"Por Amor En El Caserío (For Love In The Caserio)" is a bright and cheery production, even though it falls into pits of afterschool special TV drama. Set on location in Puerto Rico’s largest public housing project, the Luis Llorens Torres, "Por Amor" is a contemporary, loose riff on “Romeo & Juliet” but its real draw is its non-professional cast of actors, many of whom actually live in the housing project. When Angelo moves back in with his family in the Caserio, he finds himself in the crosshairs of doom: he falls in love with Cristal, a pretty theatre student who happens to be connected to the rival gang that Angelo has already (if not enthusiastically) aligned himself with. Although the story is predictable (hello, Shakespeare) and the melodrama kicks into cheesy high gear near the end, the enthusiastic feelings and charisma from this cast is pretty infectious and they are fun to watch in their day to day banter amongst neighbors, friends and rivals. It’s a harmless piece of work and is a small win for low-budget, communal filmmaking.
Finally, there’s Costa Rica’s "Agua Bendita (Holy Water)", which looks at the displaced Nicaraguans who live in a small village within the Costa Rican border, after fleeing the Sandinista Revolution. Shot on what looks to be the Panasonic AG-HVX200 camera, "Agua Bendita" almost looks like a Dogme 95 (the avant-garde style created by Lars Von Trier) film, with its handheld camera movements, use of the location’s natural light and its genre-less tone. But this movie wasn’t shot on 35mm film. Still, it plays out like Von Trier’s "Dogville", in that it looks closely and purely at the inhabitants of a community and their struggle with a coming crisis. In "Dogville", Nicole Kidman’s character was on a run from the mob and therefore she introduced chaos into that town; in "Agua Bendita", a pending drought will put these villagers in serious depravity, with the possibility of fatal results, unless they can successfully bring an affordable aqueduct to the village. Jumping back and forth between the villagers’ own testimonial asides and the “story” playing out, "Agua Bendita" emerges as a message movie—but a potent one. Living in a great city like Chicago, with Lake Michigan as a massive water resource, it can be easy to dismiss or even be unaware of a larger portion of the world’s struggle to gain access to drinking and cleaning water. In "Agua Bendita", the vitality of water is re-contextualized for the eyes of American viewers. There is a key scene between two children that stresses this. As a little boy prepares to kill an insect, a young girl advises: “It’s better if you let it go.” The boy responds: “With so many [insects], I don’t think that for one the world will end.” The girl then says: “No. But if you get this you will always want to get more.” It’s that kind of moment that will have viewers studying the theater’s bathroom sinks closely while they wash their hands after the film’s festival screening.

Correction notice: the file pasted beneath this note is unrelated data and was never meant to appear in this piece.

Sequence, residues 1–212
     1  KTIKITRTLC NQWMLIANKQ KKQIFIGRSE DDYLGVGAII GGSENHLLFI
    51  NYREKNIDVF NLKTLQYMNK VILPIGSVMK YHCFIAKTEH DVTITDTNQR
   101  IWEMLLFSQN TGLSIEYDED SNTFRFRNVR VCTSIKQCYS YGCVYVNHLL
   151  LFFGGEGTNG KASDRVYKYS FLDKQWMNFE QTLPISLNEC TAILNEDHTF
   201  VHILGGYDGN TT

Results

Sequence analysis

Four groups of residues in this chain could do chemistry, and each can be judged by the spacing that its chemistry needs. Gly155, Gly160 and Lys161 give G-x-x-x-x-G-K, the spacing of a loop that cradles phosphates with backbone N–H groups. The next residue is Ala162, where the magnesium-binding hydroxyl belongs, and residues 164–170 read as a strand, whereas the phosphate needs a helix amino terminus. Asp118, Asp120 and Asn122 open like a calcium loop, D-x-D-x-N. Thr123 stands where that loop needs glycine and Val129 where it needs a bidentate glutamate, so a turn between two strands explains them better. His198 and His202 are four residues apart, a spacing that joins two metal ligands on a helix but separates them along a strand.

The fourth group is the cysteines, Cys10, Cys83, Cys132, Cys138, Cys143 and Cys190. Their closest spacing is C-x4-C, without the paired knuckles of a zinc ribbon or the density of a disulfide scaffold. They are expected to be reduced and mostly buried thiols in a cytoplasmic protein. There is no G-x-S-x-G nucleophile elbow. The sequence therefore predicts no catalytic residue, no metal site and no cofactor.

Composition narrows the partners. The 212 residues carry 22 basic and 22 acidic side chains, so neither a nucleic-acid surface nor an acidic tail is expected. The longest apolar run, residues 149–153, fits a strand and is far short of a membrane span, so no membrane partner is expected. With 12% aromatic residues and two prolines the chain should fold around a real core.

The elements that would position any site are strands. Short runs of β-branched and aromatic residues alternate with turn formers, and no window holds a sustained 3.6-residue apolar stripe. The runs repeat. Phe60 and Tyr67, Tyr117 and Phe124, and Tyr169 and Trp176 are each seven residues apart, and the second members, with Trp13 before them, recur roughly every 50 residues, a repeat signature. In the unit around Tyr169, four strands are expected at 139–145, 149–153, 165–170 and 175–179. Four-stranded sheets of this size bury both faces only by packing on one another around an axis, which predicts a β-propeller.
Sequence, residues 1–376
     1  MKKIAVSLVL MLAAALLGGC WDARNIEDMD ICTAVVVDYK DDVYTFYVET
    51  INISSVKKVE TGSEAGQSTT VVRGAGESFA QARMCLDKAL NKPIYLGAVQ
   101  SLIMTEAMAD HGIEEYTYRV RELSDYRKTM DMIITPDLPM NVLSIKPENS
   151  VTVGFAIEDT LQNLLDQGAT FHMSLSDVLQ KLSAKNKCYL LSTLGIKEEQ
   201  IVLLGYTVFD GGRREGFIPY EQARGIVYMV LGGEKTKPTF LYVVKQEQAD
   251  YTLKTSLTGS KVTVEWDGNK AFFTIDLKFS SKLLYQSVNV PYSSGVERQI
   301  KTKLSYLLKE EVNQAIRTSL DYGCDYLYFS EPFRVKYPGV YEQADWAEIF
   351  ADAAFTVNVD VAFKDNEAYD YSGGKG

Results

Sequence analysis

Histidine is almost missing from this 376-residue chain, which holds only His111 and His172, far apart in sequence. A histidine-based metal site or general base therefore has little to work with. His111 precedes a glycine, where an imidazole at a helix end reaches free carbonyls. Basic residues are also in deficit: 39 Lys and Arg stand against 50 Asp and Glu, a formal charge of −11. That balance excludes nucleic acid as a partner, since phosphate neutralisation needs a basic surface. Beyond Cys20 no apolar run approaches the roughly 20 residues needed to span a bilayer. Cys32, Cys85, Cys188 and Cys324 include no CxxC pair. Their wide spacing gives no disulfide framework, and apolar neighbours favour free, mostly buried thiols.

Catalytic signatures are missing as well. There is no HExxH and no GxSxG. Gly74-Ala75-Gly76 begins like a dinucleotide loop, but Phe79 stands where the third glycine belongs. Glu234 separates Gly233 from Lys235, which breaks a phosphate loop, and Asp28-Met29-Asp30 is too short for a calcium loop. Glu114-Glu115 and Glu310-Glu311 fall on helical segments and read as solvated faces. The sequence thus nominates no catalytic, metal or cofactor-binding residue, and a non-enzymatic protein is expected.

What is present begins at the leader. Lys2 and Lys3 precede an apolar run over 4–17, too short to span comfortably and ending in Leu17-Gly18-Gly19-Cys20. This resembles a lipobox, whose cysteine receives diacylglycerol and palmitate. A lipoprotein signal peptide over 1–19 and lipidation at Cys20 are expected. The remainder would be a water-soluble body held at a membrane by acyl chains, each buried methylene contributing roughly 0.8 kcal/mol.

It’s the kind of eye-opening worldly view that Chicago Latino Film Festival has consistently brought back to our attention, year after year.